By James Cooper, P.Eng., LEED AP
Podium (plaza) decks are structural slabs that extend beyond an above-grade building footprint and serve as roof slabs for below-grade levels. Often hidden by hard and soft landscaping finishes, these structural slabs can be forgotten and overlooked due to the relatively long service life of their protective waterproofing systems.
Podium decks are often the welcoming area of a property, providing access to primary entrances. They provide landscaped and naturalized environments, areas for rest and recreation, and a space to green-up environments in densely developed regions. A beautifully landscaped podium deck with well thought-out finishes can elevate a property, thus increasing value and demand.
While many waterproofing and structural components of a facility are fairly obvious—in a cursory tour of a property, one will see floor slabs, columns, walls and their surface finishes, parking levels and their waterproofing systems, and the roof can be accessed to check the installed systems—the podium deck waterproofing is hidden so as to blend into the surrounding on-grade areas. For the more visible and obvious structural and waterproofing components, it is easier to note visual cues of deterioration. However, the podium deck structure and waterproofing that are hidden beneath the landscaping finishes—while as important for overall building performance as roofs, walls, and parking garage systems—are often ‘out of sight,’ and therefore, ‘out of mind.’
Construction of podium decks
Podium deck waterproofing systems are typically protected by overburden. Since the waterproofing system is not wholly impacted by what is happening at the surface, anticipated service lives of the system can be a useful guideline to inform assessment and rehabilitation timelines. In unfortunate scenarios, owners may be unaware of early signs of deterioration, such as leakage into the below-grade areas, and may implement podium deck landscaping redesign without consideration for waterproofing age and condition.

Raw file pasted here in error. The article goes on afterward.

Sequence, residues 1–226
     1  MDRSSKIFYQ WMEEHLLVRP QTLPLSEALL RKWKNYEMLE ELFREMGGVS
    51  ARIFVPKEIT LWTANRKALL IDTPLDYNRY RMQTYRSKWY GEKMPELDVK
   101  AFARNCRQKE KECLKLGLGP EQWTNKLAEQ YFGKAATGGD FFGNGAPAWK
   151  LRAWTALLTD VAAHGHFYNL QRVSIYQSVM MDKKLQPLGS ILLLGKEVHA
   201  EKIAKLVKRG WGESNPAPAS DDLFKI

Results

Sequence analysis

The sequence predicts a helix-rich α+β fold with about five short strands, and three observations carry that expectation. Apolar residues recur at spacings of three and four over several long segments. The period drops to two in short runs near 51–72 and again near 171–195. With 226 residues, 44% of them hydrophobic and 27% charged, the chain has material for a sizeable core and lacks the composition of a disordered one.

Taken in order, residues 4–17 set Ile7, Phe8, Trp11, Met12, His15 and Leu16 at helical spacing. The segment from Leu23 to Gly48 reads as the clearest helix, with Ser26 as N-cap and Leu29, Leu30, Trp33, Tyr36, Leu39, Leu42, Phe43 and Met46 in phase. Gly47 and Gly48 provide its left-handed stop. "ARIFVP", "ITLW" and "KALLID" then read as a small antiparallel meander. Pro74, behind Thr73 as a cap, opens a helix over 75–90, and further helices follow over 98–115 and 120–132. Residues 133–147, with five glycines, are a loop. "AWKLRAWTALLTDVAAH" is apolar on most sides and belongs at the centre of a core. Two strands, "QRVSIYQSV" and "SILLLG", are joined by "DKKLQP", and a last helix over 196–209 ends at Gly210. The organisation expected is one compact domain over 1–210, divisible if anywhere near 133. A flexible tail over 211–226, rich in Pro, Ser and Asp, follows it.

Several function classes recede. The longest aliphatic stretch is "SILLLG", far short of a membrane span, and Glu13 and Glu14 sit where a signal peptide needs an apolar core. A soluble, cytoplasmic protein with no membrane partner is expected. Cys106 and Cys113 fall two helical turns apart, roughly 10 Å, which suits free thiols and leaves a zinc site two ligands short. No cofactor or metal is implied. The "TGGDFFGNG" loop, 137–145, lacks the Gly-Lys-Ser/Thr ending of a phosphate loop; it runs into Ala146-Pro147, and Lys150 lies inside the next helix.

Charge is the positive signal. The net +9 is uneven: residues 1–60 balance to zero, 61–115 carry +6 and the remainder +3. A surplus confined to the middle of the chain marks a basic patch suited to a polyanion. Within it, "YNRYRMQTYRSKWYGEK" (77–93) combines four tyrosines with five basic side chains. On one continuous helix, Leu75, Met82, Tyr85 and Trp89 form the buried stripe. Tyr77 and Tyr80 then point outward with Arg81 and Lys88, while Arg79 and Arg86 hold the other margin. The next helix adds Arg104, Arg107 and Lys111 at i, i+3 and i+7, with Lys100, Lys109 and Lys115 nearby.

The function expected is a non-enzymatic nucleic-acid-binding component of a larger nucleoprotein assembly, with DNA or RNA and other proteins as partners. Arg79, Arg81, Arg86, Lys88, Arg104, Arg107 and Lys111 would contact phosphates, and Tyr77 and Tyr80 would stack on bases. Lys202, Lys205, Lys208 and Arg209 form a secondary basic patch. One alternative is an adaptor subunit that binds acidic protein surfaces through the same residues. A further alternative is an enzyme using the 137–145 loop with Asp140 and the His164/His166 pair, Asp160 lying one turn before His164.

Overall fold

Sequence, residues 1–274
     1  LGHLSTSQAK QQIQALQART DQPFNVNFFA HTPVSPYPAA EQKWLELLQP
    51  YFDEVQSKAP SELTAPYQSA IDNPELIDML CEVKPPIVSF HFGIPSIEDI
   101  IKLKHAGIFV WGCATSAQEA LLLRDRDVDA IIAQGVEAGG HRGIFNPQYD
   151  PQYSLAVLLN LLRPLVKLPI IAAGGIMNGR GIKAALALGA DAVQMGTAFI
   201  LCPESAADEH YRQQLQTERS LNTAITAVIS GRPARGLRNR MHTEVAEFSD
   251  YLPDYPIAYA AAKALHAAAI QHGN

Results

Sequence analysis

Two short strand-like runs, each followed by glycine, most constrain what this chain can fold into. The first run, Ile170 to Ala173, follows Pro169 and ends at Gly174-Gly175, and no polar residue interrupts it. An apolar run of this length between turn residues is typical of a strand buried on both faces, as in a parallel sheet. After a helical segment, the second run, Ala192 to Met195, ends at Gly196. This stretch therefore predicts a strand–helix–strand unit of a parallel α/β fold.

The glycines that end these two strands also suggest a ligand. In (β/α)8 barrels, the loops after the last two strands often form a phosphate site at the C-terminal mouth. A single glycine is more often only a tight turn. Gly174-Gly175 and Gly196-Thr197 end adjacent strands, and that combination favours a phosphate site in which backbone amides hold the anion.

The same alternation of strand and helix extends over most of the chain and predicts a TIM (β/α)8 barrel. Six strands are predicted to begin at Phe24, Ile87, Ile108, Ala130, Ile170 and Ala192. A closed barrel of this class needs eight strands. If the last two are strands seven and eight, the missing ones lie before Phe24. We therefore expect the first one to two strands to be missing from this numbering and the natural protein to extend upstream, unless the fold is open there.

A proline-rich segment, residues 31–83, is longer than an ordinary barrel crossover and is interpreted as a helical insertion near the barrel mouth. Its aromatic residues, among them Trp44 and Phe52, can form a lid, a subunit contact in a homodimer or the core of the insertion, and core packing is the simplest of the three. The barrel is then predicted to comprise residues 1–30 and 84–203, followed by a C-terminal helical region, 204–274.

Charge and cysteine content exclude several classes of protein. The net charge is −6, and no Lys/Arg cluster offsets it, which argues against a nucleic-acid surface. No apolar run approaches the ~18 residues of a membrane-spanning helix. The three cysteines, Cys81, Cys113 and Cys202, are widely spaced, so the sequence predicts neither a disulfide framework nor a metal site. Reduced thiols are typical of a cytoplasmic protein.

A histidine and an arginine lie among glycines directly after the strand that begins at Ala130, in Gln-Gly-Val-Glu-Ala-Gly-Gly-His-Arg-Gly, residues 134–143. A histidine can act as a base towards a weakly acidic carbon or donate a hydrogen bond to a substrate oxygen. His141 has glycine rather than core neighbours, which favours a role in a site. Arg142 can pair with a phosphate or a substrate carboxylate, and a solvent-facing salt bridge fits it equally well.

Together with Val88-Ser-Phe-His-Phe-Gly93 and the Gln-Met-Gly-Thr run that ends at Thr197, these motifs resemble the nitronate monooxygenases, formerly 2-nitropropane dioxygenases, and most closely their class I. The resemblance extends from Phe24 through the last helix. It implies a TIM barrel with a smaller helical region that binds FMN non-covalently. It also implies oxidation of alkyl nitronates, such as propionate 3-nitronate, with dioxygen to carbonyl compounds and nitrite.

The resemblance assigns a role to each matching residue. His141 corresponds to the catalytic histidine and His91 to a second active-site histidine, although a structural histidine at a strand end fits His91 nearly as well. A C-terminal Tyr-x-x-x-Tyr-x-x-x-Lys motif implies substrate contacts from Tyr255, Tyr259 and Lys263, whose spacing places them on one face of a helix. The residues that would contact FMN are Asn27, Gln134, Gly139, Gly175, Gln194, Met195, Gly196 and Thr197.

Deterioration can occur in any of the components, and often happen in the various components at different times. Whether the podium deck is a lush, tree-lined oasis or a utilitarian, paved access point, it is subjected to aggressive environments that are similar to what a parking garage or above-grade roof encounters. Podium deck waterproofing systems and surface finishes are intended to protect the underlying structure from the moisture and chloride ions (salts) they are exposed to, handle freeze-thaw cycles, and withstand wear and tear. The overburden, landscaping finishes, and waterproofing systems have finite service lives. They require repair and, ultimately, replacement to maintain effective protection for the underlying structure. If podium deck moisture protection systems are neglected and remain past their period of effectiveness, moisture ingress into the structure can lead to costly deterioration that is invisible or unobvious, at least not as evident as a declining surface finish, such as a traffic coating in the parkade. Since the finished landscaping components are often expensive in comparison to the waterproofing system, it is important to ensure the latter still has an adequate service life prior to completing work on the overburden and landscaping above.
It is advisable to retain a specialist engineer to undertake a detailed assessment prior to significant podium deck landscaping redesign to ensure new finishes are not constructed on a waterproofing system near the end of its effective service life or a deteriorated structural slab. In fact, given the scale and potential costs of podium deck repair projects, an in-depth assessment is recommended before implementing any significant landscaping work.
As the podium deck waterproofing and overburden deteriorate over, potentially, a 25-, 30-, or 40-year effective service life, the podium deck assembly and types of finishes may become old or outdated. There may be a need for additional site parking and recreational space, outdoor seating, improved loading and unloading, waste management, or other changes.
An appropriate course of action
An accurate understanding of the current site conditions is vital for a successful project. An incomplete or inaccurate understanding of existing conditions prior to rehabilitation planning can spiral into larger issues and costs through design and construction phases. A more detailed scope of assessment and testing, despite additional initial costs, will help define and refine repair needs, and often result in multiplied savings over-and-above those initial expenses—accurate design drawings are the first way to save money (i.e. no costly change orders). Get the scope defined, make sure the details are correct, and one will not run into nearly as many changes.